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Two-thirds of caretaker coaching team will seek to rebuild tarnished team by reconnecting with union's grass roots
Michael McIlorum is ready to risk the wrath of his Irish grandfather after switching his allegiance to England.
Arsenal prospect's versatility is in stark contrast to more stubborn home nations in run-up to Olympics
It's a fact unwisely overlooked by all those people gearing up to run Sunday's marathon that as Phidippides, the first marathon runner, hit the final ribbon in Athens he promptly dropped dead. It doesn't stop thousands doing the marathon of course, or indeed banging on about it afterwards, so it's a relief to discover that there is actually an interesting subject to talk about in the world of running. As explored in The Sub-Two-Hour Marathon: Sport's Holy Grail, it's the race to beat the current record of two hours, three minutes and 59 seconds.
Fresh from penning a new, improved deal which ties him – contractually, at least – to Murrayfield until the end of the 2015 World Cup year, Andy Robinson was asked yesterday what in particular he had enjoyed in his first two and a half years as Scotland's head coach. "The 9-8 against Australia, the 23-20 against Ireland, the [two] performances in Argentina," he replied, editing the highlights to four of the seven positive results over which he has presided in his 14 matches in charges of the Caledonian national team (there have also been wins against South Africa, Fiji and Samoa, plus a draw against England).
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Ricky Ponting yesterday issued what is usually described as a warning about the poverty of England's prospects in the first Test. It would have been more of a surprise had Australia's captain derided his own team's chances of success in Brisbane, where the series finally starts on 25 November, but then that is not the purpose of the phoney war.
Manchester United winger Nani believes team-mate Anderson can follow his lead by finally flourishing at Old Trafford.
A rousing victory for England, and one for Rooney too. Following in the footsteps of Hannah England, a winner of the women's 1500m final on Saturday, Martyn Rooney strode to an emphatic success in the final of the men's 400m on the third and concluding day of the Aviva European Trials and UK Championships. In stark contrast to his celebrated namesake out in Bloemfontein earlier yesterday, the 6ft 5in Croydon Harrier made his presence felt here on the north side of Birmingham. He made his considerable talent felt too, showing the sparkling kind of form with which he may well strike gold at the European Championships in Barcelona next month.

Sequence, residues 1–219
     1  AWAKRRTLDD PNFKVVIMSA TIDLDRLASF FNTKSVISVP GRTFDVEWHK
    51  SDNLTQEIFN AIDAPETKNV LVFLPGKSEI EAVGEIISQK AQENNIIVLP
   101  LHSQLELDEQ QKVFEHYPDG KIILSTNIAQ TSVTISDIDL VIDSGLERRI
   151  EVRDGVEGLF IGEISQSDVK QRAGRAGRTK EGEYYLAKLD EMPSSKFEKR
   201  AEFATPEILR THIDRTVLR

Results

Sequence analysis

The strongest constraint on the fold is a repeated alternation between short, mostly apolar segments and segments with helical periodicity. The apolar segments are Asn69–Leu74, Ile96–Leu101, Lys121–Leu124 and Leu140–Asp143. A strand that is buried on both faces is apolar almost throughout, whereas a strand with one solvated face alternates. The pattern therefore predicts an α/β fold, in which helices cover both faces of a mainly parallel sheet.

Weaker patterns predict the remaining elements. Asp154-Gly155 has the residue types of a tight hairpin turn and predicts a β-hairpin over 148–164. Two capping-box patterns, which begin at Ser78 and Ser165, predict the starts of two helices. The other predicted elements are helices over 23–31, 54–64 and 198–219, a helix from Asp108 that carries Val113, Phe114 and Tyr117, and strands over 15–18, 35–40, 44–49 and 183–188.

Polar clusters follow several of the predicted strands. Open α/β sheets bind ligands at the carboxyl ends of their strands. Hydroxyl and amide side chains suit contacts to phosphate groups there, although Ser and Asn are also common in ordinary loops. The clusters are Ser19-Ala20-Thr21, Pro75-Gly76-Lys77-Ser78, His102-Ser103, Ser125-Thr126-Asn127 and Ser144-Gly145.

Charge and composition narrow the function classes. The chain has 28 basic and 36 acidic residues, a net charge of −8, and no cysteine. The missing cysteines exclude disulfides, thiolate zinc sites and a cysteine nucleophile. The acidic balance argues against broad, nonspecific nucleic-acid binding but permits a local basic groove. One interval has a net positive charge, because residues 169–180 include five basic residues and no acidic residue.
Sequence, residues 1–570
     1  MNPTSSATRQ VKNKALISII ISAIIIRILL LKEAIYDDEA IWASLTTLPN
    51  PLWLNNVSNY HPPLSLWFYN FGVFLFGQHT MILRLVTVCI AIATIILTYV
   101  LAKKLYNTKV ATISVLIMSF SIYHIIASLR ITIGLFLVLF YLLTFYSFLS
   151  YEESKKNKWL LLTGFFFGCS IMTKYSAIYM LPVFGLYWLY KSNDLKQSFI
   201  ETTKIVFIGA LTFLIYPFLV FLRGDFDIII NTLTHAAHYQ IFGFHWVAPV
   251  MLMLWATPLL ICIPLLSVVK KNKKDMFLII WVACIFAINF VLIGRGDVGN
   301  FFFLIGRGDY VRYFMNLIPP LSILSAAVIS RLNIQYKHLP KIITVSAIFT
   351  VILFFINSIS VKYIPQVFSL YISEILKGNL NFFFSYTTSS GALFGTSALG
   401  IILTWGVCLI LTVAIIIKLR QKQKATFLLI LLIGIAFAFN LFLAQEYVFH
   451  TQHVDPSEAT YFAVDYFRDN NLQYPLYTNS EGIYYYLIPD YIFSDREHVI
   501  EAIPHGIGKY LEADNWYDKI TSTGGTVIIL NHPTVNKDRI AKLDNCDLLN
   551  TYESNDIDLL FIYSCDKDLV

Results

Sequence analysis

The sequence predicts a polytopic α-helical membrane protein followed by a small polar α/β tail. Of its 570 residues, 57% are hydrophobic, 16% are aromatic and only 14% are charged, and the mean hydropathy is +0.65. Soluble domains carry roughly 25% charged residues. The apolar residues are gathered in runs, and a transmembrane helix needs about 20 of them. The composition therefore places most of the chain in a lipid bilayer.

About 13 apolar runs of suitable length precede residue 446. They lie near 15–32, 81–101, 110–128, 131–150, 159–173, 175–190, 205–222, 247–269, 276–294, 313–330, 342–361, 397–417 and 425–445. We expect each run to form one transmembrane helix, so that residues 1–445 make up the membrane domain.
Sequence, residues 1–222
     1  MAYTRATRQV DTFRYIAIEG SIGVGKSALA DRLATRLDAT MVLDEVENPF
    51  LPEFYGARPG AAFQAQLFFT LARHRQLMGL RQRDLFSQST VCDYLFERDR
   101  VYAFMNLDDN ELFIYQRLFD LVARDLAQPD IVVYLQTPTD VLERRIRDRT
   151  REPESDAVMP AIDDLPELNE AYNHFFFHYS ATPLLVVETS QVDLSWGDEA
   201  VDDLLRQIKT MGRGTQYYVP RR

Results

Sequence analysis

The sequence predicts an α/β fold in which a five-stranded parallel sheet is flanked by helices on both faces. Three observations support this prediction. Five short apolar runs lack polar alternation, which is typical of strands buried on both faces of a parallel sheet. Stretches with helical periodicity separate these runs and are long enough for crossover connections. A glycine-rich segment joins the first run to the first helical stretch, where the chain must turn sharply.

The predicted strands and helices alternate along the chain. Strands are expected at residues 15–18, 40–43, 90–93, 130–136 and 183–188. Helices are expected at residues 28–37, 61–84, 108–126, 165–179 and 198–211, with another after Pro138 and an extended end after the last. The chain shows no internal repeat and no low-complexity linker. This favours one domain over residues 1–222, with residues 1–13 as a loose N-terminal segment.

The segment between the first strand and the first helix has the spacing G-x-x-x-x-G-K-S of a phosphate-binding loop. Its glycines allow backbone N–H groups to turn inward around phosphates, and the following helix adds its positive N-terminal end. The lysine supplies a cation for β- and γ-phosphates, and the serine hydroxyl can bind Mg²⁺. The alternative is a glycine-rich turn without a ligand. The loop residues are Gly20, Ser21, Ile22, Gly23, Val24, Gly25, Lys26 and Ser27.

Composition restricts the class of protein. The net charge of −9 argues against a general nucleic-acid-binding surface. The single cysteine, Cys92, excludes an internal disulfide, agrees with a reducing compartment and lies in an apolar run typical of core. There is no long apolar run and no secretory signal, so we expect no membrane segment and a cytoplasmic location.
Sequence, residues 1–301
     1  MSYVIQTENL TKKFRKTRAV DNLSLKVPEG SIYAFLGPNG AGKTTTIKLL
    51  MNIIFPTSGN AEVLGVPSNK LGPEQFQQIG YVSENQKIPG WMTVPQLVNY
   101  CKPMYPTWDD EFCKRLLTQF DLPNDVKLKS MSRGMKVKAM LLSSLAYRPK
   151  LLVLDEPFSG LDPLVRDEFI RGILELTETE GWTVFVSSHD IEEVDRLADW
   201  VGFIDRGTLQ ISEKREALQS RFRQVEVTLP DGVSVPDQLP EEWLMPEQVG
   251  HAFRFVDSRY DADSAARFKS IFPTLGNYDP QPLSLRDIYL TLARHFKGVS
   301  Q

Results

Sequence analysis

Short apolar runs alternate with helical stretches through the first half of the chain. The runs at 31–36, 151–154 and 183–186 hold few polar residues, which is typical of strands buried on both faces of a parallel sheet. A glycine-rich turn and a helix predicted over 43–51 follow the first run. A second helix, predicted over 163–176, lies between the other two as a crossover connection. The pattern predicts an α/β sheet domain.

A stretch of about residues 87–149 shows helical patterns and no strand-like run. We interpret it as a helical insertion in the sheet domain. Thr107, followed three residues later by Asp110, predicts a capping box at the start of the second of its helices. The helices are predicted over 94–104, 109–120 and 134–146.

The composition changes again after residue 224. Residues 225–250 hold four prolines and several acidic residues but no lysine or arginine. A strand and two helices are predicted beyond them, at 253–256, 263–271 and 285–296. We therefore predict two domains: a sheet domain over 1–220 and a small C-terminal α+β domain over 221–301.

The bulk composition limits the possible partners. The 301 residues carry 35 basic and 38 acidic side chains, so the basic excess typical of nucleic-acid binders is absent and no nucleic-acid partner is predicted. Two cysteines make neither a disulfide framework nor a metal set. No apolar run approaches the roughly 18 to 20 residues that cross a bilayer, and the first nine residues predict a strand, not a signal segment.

As Lord Mandelson's speech at Labour's latest "launch event" was abruptly punctuated by the sound of a Volkswagen Golf ploughing into a nearby bus shelter yesterday morning, the gathered journalists could scarcely believe they had been presented with such a ready-made metaphor for Gordon Brown's last week on the campaign trail.
When Britain's greatest Paralympic athlete enters the House of Lords, she knows she will face some of her biggest challenges yet. Alan Hubbard speaks to Dame Tanni Grey-Thompson
Another day; another title for Jessica Ennis. Two weeks ago the world heptathlon champion was given an honorary doctorate by the University of Sheffield.
Far from the madding crowd at a frozen Holyrood Park on Saturday, and the anguish of Mo Farah and Kenenisa Bekele, some joy for the golden girl of British athletics in the warmth of the Seb Coe Building at the UK Athletics National Performance Centre in Loughborough. While Farah was fading from first to third in the 4.2 kilometres short race at the Bupa Great Edinburgh Cross Country meeting, leaving the course seeking medical tests, and the great Bekele was suffering a rare defeat, finishing fourth in the 9km main race at Holyrood, Jessica Ennis was opening her indoor season in sparkling form in the low-key Loughborough University Open meeting.
Laura Marsh, 22, a sports science student at Loughborough University, was top wicket-taker, with 16 at 10.31 runs, including five for 15 against Pakistan.
They drink too much, sleep till lunchtime and hold adults in contempt. But it’s not their fault – it’s all down to biology. Rob Sharp investigates
England will be back in familiar surroundings when they get together for this autumn's all-important international series. We sent our man to Pennyhill Park to see what all the fuss is about